By Jess Rodriguez Williams — Contributing Writer
Frustrated by the constraints of my mind,
the fact that I walk in the room and gotta command space, cuz according to colonization,
space ain’t rightfully mines
the fact that patriarchy got me messed up, telling girls in saudi arabia that they can’t go to school,
tellin my home grrrls in the barrio that their worth ain’t nothing unless their stomach is baby full
promoting marriage and child rearing amongst young low income women of color,
as opposed to tellin us that we can grasp a higher conscious and that we have the capacity to inspire another
it’s always someone else’s problem,
fault and excuse that allows for women to put another woman’s capacity aside,
you say you on another level but full of conscious “woke” pride
i got normalized delusions living under white supremacy, cuz if i be addressing every single injustice i see,
these people don’t know what they get when they mess with me,
when they question the strength that is women of color and our flow
it take them all but a second longer glance to see that wisdom we got, the others won’t ever know.
that’s why they scared and second guessin, cuz the power of mi hermanas y curandera blessings are higher than they can ever conceive of my essence.
cuz they make us fill the void of generations of trauma,
with a colonized mindset, that we deserve to be poor, we just gotta be smarta
they got us fighting over turf and which woman belongs to who,
all in the scheme of trying to distract us from the fat cats droppin bombs on hospitals and schools
got mi compas of afro descent saying that black lives matter.
You hear me? Black Lives Matter.
fighting for the right to breathe, fighting a new set of laws disguised, with racist banter
got indigenous people fighting corporations using them as mascots, what they think, they could just do this shit and ain’t sumthin gonna pop off?
cuz women and children are being held like prisoners on the southern border, as if the shipment to refill gun demands in latin america didn’t come from a white man’s order
so, Ima check u for a minute
just cuz you buy a headdress dont mean u cultured,
just cuz u paint your face for dia de los muertos don’t mean you have a right to build an altar
just cuz you listen to rap music don’t mean you understand the struggle
just cuz you identify as an intersectional feminist ally don’t mean you humble.
so ima let this be known.
i don’t got time to educate you,
i don’t have a smile for the male privilege you exert,
so you a male feminist?
meanwhile not givin a damn about the women’s mentality and body you hurt.
you want to beat another woman silly cuz she slept with your man?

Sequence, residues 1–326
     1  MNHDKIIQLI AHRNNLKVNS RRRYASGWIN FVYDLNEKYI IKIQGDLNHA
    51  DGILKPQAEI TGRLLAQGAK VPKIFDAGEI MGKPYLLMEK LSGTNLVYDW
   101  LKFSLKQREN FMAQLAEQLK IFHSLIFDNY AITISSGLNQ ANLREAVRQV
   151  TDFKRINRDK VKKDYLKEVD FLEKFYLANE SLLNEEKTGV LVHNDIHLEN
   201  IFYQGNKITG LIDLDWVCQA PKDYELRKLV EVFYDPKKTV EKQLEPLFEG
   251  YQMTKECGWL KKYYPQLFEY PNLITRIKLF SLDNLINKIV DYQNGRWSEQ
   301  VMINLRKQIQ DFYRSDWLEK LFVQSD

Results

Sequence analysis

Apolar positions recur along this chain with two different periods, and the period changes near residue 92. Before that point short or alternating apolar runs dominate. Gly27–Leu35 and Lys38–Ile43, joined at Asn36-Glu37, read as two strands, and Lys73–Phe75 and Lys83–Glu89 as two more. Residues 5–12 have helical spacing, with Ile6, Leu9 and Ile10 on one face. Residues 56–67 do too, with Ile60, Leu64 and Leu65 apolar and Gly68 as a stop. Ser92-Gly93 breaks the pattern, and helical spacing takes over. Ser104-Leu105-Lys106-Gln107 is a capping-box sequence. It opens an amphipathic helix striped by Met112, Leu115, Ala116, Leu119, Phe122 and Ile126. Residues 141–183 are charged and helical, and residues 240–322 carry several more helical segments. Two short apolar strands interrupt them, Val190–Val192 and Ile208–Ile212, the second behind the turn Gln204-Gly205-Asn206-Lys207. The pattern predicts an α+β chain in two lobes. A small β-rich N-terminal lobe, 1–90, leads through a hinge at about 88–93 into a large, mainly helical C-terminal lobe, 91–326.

i’ll talk with you about the historical, social factors that disintegrate a woman’s capacity to only being able to keep a man
ya i’m Frustrated,
cuz white feminism is focusing on equal pay for women, my first thought is,
what type of women?
cuz me cruising in the lgbtq community got me filled with “spicy” adjectives and presumptuous people of interest…
so damn Frustrated,
with racism, xenophobia, transphobia and countless other oppressions.
with this world cuz you’re seen as weak when you show sincere affection
protesting, learning, eating, sleeping, reading,
brown, queer, chubby, clever, decolonized and educated.
all i know is,
i’m not gonna die Frustrated,
i’m doing something about it.
This piece was written by Jess Rodriguez Williams as part of the National Latina Institute for Reproductive Health, COLOR (Colorado Organization for Latina Opportunity & Reproductive Rights), & California Latinas for Reproductive Justice’s 7th Annual Latina Week of Action for Reproductive Justice.
Jess Rodriguez Williams is a proud Mexican and Colombian queer, warrior, who is first generation on many levels. Jess is a first generation Colombian American, first generation high school graduate, community college graduate and holder of an AAT degree in Sociology and is currently the first in their family to pursue their Bachelor’s degree in Sociology, at San Francisco State University. Jess is a radical, queer, intersectional feminist, activist, published poet and organizer, who speaks publicly with emphasis on the struggles and triumphs unique to lowincome, women and nonbinary folks of color. Jess actively works to deconstruct their forced assimilation by getting in touch with their ancestral roots and by engaging in communal, radical, queer of color, coalitional spaces as a means of remembering and embracing the power and wisdom passed down through generations. As a lowincome, queer, Latinx, Jess works to encourage other Latinx to be one with their power.
The National Latina Institute for Reproductive Health is the only national reproductive justice organization dedicated to building Latina power to advance health, dignity, and justice for 28 million Latinas, their families and communities in the United States through leadership development, community mobilization, policy advocacy, and strategic communications.